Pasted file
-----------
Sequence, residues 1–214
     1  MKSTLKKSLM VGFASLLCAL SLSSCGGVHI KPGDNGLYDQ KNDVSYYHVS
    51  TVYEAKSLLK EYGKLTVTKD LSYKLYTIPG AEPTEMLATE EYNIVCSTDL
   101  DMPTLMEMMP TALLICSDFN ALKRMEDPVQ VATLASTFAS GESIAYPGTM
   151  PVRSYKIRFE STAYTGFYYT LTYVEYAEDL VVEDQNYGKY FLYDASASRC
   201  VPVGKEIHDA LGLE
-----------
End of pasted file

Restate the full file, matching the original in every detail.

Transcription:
Sequence, residues 1–214
     1  MKSTLKKSLM VGFASLLCAL SLSSCGGVHI KPGDNGLYDQ KNDVSYYHVS
    51  TVYEAKSLLK EYGKLTVTKD LSYKLYTIPG AEPTEMLATE EYNIVCSTDL
   101  DMPTLMEMMP TALLICSDFN ALKRMEDPVQ VATLASTFAS GESIAYPGTM
   151  PVRSYKIRFE STAYTGFYYT LTYVEYAEDL VVEDQNYGKY FLYDASASRC
   201  VPVGKEIHDA LGLE